For the first time, the U.S. Department of Agriculture is asking states for input on possibly limiting what food items can be bought using food stamps, so South Carolina has sent its findings from recent public hearings around the state.
“This is huge,” says Catherine Templeton, director of South Carolina's Department of Health and Environmental Control. “We're the only state that's had public hearings. We've been pushing on the USDA.”
DHEC's recommendation is to limit what can be bought using food stamps to meats, whole grains, fruits and vegetables, and dairy products. Templeton says those are the same limits for the federal Women, Infants and Children, or WIC, food program. Food stamps could not be used to buy candy, cookies, cakes, or sugary drinks.
In her letter to the USDA summarizing DHEC's findings from its public hearings, she says South Carolina has the 8th highest obesity rate in the nation, and it has 878,000 people on food stamps. The food stamp program is officially known as SNAP, or Supplemental Nutrition Assistance Program.
She says reducing the state's obesity problem would reduce health care costs, citing a recent report by Trust for America's Health and the Robert Wood Johnson Foundation that estimates the state could save $9.3 billion by 2030 by reducing the average body mass index in the state by five percent.
“Simply put: obesity kills the most South Carolinians, makes the most sick, and would save us the most money in treatment if prevented,” she writes in her summary letter to the USDA.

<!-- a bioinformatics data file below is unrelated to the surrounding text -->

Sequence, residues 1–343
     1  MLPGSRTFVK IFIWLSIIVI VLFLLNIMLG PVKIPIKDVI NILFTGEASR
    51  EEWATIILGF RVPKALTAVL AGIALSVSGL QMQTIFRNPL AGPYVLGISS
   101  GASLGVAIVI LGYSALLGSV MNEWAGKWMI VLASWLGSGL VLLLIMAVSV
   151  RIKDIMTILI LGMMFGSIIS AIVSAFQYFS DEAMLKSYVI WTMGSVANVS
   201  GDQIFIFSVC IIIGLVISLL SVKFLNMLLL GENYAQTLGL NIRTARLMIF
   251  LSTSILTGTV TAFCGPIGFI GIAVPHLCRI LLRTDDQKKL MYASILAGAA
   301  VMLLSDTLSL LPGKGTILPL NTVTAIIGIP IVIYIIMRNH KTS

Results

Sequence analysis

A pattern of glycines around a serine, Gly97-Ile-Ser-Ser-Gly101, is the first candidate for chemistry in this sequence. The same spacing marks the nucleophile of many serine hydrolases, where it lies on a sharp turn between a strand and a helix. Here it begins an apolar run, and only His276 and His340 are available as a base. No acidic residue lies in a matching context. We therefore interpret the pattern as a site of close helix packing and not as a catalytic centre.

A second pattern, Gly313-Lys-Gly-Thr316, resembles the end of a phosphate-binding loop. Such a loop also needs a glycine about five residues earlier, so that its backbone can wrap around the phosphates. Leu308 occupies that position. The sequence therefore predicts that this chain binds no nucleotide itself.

But Sue Berkowitz, director of the Appleseed Legal Justice Center in Columbia, an advocate for low-income families, says, “Not all people who are obese are on SNAP, so to target one particular population because they're vulnerable and easy to target is probably not a way to go in looking at how to develop public policy.”
She says limiting what foods could be bought using SNAP would be a logistical problem at grocery checkouts.
“Whole grains. Does that mean you can't get pasta? Does that mean brown rice, not white rice? I mean, there's a lot of decisions that have to go into that,” she says. “Does dairy mean ice cream? Does dairy only mean cottage cheese? Does fruit yogurt count? Does only low-fat yogurt count?”
Templeton says the waiver the state is seeking to be able to limit SNAP purchases is about good health and common sense. Her letter concludes, “… nearly half of SNAP recipients are children. As policy makers, we have a responsibility to those children to ensure their benefits deliver maximum nutrition. A SNAP waiver isn't about limiting choice—it is about connecting word and deed. As you know, paying lip service to nutrition and looking the other way when SNAP dollars buy junk food won't get us anywhere.”
There's no word on when the USDA might make a decision, but Templeton thinks the fact that the agency is asking for input is a good sign. “I think once you undertake to listen to what people have to say, you have to respond, and so I think it's exponentially more likely that there will be a response,” she says.